MIAMI, OCT. 26 -- A longtime speculator whose fortunes had been battered in last week's stock market crash walked into his broker's office this morning and opened fire, killing one vice president and seriously wounding another before killing himself, police said.
Witnesses said Arthur Kane, 53, entered the Merrill Lynch brokerage office in The Falls shopping center, where he had been a well-known customer for years, carrying a briefcase and asking to see his broker and the office manager. He "walked into the office with two of the brokers," said Bruce Anderson, a bystander who spoke with brokerage employes after the 11:14 a.m. shooting. Then he "opened the briefcase, took out a gun and shot the two of them and himself."
The tragedy came in the midst of a drop in world stock markets and one week after the Dow Jones industrial average plummeted a record 508 points to 1738.74 before regaining some ground in fits and starts. When Kane walked into the office this morning, the average had dropped 109 points to 1840; it closed at 1793.93, down 156.83.
Metro-Dade County police spokesman Bill Johnson identified the victims as Merrill Lynch vice presidents Jose Argilagos, 51, who was killed, and Kane's broker, Lloyd Kolokoff, 38, who was taken to Baptist Hospital by helicopter. Doctors said Kolokoff, who was in critical but stable condition after two hours of exploratory surgery, would be paralyzed from the waist down. The bullet hit his spinal cord, they said.
Aaron Perry, a stockbroker at Profile Investments and friend of several Merrill Lynch employes, said Kane was one of that branch's "biggest customers. He used to hang out at the manager's office." He said Kane, like many big investors, had borrowed heavily from the brokerage firm -- a practice called "buying on margin" -- to purchase securities.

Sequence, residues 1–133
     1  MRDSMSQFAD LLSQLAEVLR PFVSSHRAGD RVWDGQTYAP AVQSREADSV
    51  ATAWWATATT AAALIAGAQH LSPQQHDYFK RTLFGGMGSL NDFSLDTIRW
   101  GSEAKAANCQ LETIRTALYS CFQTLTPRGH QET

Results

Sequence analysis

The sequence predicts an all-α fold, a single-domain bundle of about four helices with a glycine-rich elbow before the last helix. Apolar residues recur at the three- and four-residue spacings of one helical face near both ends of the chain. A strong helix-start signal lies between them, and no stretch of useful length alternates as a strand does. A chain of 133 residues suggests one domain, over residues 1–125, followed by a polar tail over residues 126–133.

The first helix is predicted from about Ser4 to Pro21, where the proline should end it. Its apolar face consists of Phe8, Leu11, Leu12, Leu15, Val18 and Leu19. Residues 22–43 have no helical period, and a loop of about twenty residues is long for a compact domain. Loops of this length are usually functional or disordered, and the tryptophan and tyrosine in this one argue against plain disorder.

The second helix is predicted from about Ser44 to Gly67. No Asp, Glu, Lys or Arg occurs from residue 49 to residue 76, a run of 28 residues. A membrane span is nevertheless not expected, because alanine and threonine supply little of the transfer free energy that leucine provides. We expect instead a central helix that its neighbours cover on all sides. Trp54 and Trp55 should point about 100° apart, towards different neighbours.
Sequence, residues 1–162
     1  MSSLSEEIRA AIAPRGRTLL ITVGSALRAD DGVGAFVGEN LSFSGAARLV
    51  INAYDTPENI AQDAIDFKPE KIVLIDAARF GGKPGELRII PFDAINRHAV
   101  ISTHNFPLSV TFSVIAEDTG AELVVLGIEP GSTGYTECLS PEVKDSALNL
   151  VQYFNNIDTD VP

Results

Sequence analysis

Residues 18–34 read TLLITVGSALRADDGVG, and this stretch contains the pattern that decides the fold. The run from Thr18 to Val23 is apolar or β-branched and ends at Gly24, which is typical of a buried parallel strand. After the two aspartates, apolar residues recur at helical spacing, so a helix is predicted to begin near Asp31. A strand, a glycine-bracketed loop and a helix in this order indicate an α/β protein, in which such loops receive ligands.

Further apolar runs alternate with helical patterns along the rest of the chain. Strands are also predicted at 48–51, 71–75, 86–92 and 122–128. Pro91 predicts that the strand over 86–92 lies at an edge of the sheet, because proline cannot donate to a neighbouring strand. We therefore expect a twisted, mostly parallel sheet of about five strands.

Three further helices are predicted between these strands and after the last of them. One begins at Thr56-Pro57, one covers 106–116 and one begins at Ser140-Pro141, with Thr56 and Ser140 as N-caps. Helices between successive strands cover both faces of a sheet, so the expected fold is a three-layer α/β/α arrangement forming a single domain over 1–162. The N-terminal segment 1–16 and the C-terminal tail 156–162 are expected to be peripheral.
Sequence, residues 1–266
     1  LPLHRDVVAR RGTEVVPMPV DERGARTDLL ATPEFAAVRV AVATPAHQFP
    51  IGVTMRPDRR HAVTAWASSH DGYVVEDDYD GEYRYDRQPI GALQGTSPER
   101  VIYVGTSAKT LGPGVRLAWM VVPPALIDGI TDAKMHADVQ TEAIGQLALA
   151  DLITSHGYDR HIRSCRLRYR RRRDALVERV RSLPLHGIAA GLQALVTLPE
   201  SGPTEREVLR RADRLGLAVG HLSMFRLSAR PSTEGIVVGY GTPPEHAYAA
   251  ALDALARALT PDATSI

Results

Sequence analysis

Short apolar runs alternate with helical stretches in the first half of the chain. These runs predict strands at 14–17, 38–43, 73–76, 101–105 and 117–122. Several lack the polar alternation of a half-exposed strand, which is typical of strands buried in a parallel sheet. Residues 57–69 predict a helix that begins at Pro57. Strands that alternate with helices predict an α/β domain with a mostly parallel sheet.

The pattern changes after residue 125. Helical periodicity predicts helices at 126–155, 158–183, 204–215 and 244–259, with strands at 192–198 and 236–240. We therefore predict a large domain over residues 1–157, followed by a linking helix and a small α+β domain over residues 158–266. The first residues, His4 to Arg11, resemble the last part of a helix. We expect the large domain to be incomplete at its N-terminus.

Perry said Kane had received a "margin call," or demand for more money because his stock had decreased in value. Kane had made an appointment with Kolokoff to discuss it this morning.
"He went into a margin situation; he had all these margin calls," said Perry. "He just flipped out. He was in a margin situation where he just got wiped out. It's scary."
Those who worked for or did business with Merrill Lynch immediately recognized Kane's name.
"For years, Mr. Kane has been one of the office's best-known customers," said Marie Ros, a former junior broker who worked for four years at the branch before leaving several months ago. "He was a regular. He used to come in on almost a daily basis. Everybody knew him."
His passion for the market was equally legendary around the office, Ros said. "He knew the market," she said. "He understood it perfectly. He knew what he was doing."
Friends described Argilagos as a friendly, accessible broker.
"He was a very fine man," said Aaron Jaffe, 79, who has traded stocks several years at Merrill Lynch. "He was affable. He shook hands with everybody when they came in. He's the last person that you would wish to shoot. I'd guess the man who did it must have been despondent.
"When you lose a lot of money," Jaffe said, "you lose your reason."
In New York, Merrill Lynch Chairman William A. Schreyer and President Daniel Tully said: "We are deeply shocked and saddened to learn of this incident, and we extend our heartfelt sympathies to all the families affected by this event." Kane left a wife, Judith, and three daughters.
Frank Miller, a former neighbor, described Kane as a private investor who worked on his own. "He made his living as a speculator," Miller said. The market plunge would have "impacted him very heavily."
Allen Pierce, a friend of Kolokoff, said: "I told him to be careful. You have people's emotions running very high now. He seemed very busy, trying to get his customers squared away."